Wednesday, April 15, 2015 4:18 PM
Herman Hupfeld , in his beautiful lyric to “As Time Goes By”, wrote:
“This day and age we’re living in / Gives cause for apprehension
With speed and new invention / And things like fourth dimension.
Yet we get a trifle weary / With Mr. Einstein’s theory.
So we must get down to earth at times / Relax relieve the tension
And no matter what the progress / Or what may yet be proved
The simple facts of life are such / They cannot be removed.
You must remember this….”
We’re pretty familiar with the rest—there are few people who have neither heard this song nor watched the movie, “Casablanca”. But like the vast majority of standards, the ‘intro’ is usually overlooked—if not left out altogether. In the case of many songs, the ‘intro’ is no great loss. Some are outright drivel, or the worst sort of doggerel, and the fame of such songs indicates that some smart performer realized he or she had better get right to the ‘burthen’, without any preamble, or they’d lose their audience. And, surely, this also accounts for the fact that most classic songs are considered as having been properly performed whether they include the official ‘intro’ verses or not.
However, in some cases lyricists positively shine so much in their wit and wordplay that it’s a shame to leave the ‘intro’ unrecognized—particularly with the great lyricists. Nothing upsets me more than a songbook that decides not to print the ‘intro’—taking the choice out of my hands for the sake of volume, I suppose.
“As Time Goes By” has a fascinating introductive verse, as seen above. Hupfeld bewails the hectic pace of modern life, it’s constant changes and new information. He gets “a trifle weary of Mr. Einstein’s theory” and wants to get away from all that. He seeks out bedrock principles on which to rest, safe from the shifting sands of cultural distraction. And, of course, he finds them in Love, that favorite of all bedrock principles.
How surprised Mr. Hupfeld would be to learn that his theory of days-gone-by would see eternal popularity in spite of such enormous changes in women’s roles and in relationships generally. A kiss is still a kiss—except when it’s a workplace harassment lawsuit or a charge of improper touching of a minor or the gift of herpes. And in a way, a kiss is now more than a kiss, assuming that Hupfeld wasn’t imagining two men or two women kissing.
Worse yet, we are no longer allowed to ‘weary of Einstein’s theory’—we have to remember our PIN numbers, our passwords, the usual computer Control-codes, game-controller button-sequences, et. al. We have to worry about our AC’s BTUs, our car’s MPG, separating our recyclables, our FICA, our prescriptions deductible, and whether we have time to find out what ‘streaming’ is, or should we just keep trying to program our VCRs. Neither Hepfeld nor Bogie could have envisioned a culture where everyone had to learn to type—and only with their thumbs.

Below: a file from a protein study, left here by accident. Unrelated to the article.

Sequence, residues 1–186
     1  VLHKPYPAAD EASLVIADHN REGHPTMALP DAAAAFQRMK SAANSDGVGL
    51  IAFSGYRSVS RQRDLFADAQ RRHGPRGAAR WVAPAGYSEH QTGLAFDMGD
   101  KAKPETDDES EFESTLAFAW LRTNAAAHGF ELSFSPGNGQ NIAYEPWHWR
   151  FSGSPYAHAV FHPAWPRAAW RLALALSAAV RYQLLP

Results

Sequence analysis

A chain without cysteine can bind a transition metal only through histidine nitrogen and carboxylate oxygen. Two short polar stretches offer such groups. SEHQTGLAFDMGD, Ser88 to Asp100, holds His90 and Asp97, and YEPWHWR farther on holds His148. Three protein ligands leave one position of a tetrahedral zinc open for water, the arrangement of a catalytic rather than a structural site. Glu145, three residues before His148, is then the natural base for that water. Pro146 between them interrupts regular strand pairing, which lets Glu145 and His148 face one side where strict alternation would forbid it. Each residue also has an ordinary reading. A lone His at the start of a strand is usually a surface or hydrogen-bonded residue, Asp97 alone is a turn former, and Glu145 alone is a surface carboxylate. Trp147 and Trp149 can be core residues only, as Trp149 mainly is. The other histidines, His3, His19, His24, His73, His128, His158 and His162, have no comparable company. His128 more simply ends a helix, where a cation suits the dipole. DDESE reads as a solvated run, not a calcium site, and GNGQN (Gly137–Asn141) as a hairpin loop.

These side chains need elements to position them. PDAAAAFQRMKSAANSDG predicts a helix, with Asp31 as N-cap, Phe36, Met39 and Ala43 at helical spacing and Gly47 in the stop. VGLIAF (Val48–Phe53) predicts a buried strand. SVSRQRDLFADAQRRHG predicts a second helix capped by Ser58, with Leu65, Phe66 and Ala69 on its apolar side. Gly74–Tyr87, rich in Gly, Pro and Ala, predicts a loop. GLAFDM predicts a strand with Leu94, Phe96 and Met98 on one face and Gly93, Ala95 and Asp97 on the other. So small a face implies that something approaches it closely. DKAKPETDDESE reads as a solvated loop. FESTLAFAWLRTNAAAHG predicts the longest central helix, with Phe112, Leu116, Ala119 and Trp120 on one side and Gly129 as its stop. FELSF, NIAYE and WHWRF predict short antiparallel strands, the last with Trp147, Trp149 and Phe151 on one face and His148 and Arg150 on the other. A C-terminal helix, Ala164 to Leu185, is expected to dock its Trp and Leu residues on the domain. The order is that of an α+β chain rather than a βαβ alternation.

Still, the most luxuriously nostalgic aspect of these lyrics is that they still hung on to the dismissive subtext of that word ‘theory’. Today, when we mention Einstein’s Theory of Relativity, whether Special or General, we hear the word ‘theory’ in its historical sense, not in the sense that no one yet accepts the truth of it—much like the ‘theory of evolution’. Only the fringe-dwellers in today’s society place any emphasis on the word ‘theory’ in these phrases. Back in the early nineteen-forties, though, Einstein’s theories could still be confined to cocktail-party gabbing—Hiroshima and Nagasaki were yet to come, as were nuclear power plants, nuclear subs, nuclear aircraft carriers, or nuclear-powered space probes.
Today we take Relativity for granted, just as we accept quantum physics, or the big-bang theory. Now string theory, dark matter, black holes, and the Higgs-Boson particle have come to be commonplace concepts among physicists and cosmologists—even discussed on popular science programs for the layperson. On top of that, we are in the midst a digital-technology revolution, an upheaval so great that it threatens the stability of global civilization with its sheer speed, while we try to adapt from the ‘generational’ pace-of-change enjoyed for all prior history, to change that now happens on a monthly basis.
What wouldn’t we give to ‘sit under the apple tree’ of the 1940’s whenever we got weary of all that? Oh, for the days when the ‘facts of life’ were not only simple, but they couldn’t be removed! Here’s me taking a stab at the old classic, followed by two more piano covers from my piano songbook, “AFI’s 100 Greatest Movie Songs”. (I also recorded “Evergreen” but left it out in the end—I’m sure I can do it better some day soon.) I left out all the video effects today—sometimes less is more….
Thanks. Really informative. Regards Thom.